Presentation on theme: "MR Proton Spectroscopy A User-friendly Approach to Interpreting MR Proton Spectroscopy in the Clinical Setting Jorge A Vidal, Jeremy Nguyen, Joseph Nguyen,"— Presentation transcript:
MR Proton Spectroscopy A User-friendly Approach to Interpreting MR Proton Spectroscopy in the Clinical Setting Jorge A Vidal, Jeremy Nguyen, Joseph Nguyen, Derek Staner, Naveed Ahktar, Lisa Lowe Saint Luke’s Hospital of Kansas City 104 th Annual Meeting of the American Roentgen Ray Society
Introduction There are numerous metabolites found in the human brain. Fortunately, only several of them occur in significant quantities and are useful in proton spectroscopic studies. There is evidence that the normal metabolites in the brain vary with according to the patient's age. The changes are most noticeable during the first three years of life.
Most of the metabolites are involved in energy metabolism. Presented here is a diagram of the major biochemical pathways in the energy production.
NORMAL H BRAIN SPECTRA A spectrum of the metabolites is plotted on a two dimensional graph. –The horizontal axis represents the frequencies (chemical shifts) and the vertical axis represents the concentration of the metabolites. The frequencies are plotted with reference to a stable compound. –The reference compound most often used is tetramethylsilane (TMS). The chemical shifts are now expressed as parts per million (ppm).
This approach allows for consistent spectra regardless of the field strength. It also provides a standardization of the spectrum. –TMS is assigned a chemical shift of zero ppm and it lies to the far most right hand. –The far left end is occupied by water approximately 4.7 ppm. –The area under a peak is contributed by the concentration of that metabolites. –Therefore, higher or wider peak results from higher concentration.
The 1H-MRS spectrum of major metabolites in a normal brain is shown in Fig 1 below:
Major Metabolites in the Brain NAA Choline Creatine Lactate Glutamine Lipid Myo-Inositol
N-ACETYLASPARTATE (NAA) NAA is the marker of neuronal density and viability. –It is present in both gray and white matter and the difference in concentration is not clinically significant. –NAA is detected by the its N-acetyl methyl group. –Its concentration appears to decrease with any brain insults such as infection, ischemic injury, neoplasm, and demyelination process. NAA is not in found in tumors outside the central nervous system (CNS) such as meningioma. NAA is the tallest peak in the proton MR spectrum and it is assigned at 2.0ppm. Additional smaller peaks may be seen at 2.6 and 2.5 ppm. Elevation of NAA is rare and may be found in hyperosmolar state and axonal recovery.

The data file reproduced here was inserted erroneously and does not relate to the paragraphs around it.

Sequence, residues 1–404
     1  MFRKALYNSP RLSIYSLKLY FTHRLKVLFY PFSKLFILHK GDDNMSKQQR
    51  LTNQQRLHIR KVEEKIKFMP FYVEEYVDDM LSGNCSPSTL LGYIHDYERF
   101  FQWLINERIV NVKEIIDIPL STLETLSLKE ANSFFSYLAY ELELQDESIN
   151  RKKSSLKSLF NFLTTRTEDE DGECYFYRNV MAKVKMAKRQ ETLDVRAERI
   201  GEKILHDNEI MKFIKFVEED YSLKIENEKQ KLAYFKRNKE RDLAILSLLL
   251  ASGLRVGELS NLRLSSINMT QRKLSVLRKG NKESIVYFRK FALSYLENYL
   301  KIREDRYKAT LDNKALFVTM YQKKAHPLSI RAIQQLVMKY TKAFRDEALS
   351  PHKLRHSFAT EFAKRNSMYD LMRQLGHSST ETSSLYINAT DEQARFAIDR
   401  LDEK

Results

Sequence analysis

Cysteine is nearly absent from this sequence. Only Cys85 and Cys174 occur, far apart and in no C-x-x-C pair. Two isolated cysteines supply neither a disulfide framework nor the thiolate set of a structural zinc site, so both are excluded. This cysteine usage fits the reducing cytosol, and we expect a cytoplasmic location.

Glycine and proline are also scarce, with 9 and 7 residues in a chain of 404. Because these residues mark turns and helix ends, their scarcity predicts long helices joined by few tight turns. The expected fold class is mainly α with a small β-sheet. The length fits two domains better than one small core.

Choline The choline peak receives contribution from glycerophosphocholine, phosphocholine, and phosphatidylcholine. –It is the precursor of acetyl choline and phosphatidylcholine. –Acetylcholine is an important neurotransmitter and the latter is an integral part of cell membrane synthesis. Disease processes affecting the cell membrane and myelin can lead to the release of phosphatidylcholine. Thus, elevation of choline can be seen during ischemic injury, neoplasm or acute demyelination diseases. Many brain tumors will lead to elevated choline peak, presumably associated with their increased cellularity and compression of surrounding brain tissue. Choline is the second largest peak and assigned to 3.2 ppm.
Creatine (Cr) The Cr peak receives contribution mainly from creatine, and creatine phosphate. –Note that phospocreatine supplies phosphate to adenosine diphosphate (ADP) to form adenosine triphosphate (ATP) with the release of creatine. The overall level of total creatine in normal brain is fairly constant. –Reduced Cr level may be seen in pathologic processes such as neoplasm, ischemic injury, infection or some systemic diseases. –Most metastatic tumors to the brain do not produce creatine since they do not possess creatine kinase. –Therefore, metastatic tumors should be suspected if there is an absence of a Cr peak in the proton spectrum. Cr is the third highest peak and is assigned to 3.03 ppm. It is usually seen next to the right of choline. An additional peak occurs near 4 ppm but is usually suppressed with water.
Lactate Lactate has a molecular structure of CH3-COH2-CO2. Lactate levels in the brain are normally are very low or absent. When oxygen supply is depleted, the brain switches to anaerobic respiration for which one end product is lactate. Therefore, elevated lactate peak is a sign of hypoxic tissue. –Low oxygen supply can result from decreased oxygen supply or increased oxygen requirement. –The former may be seen in vascular insults, or hypoventilation and the latter may be seen in neoplastic tissue.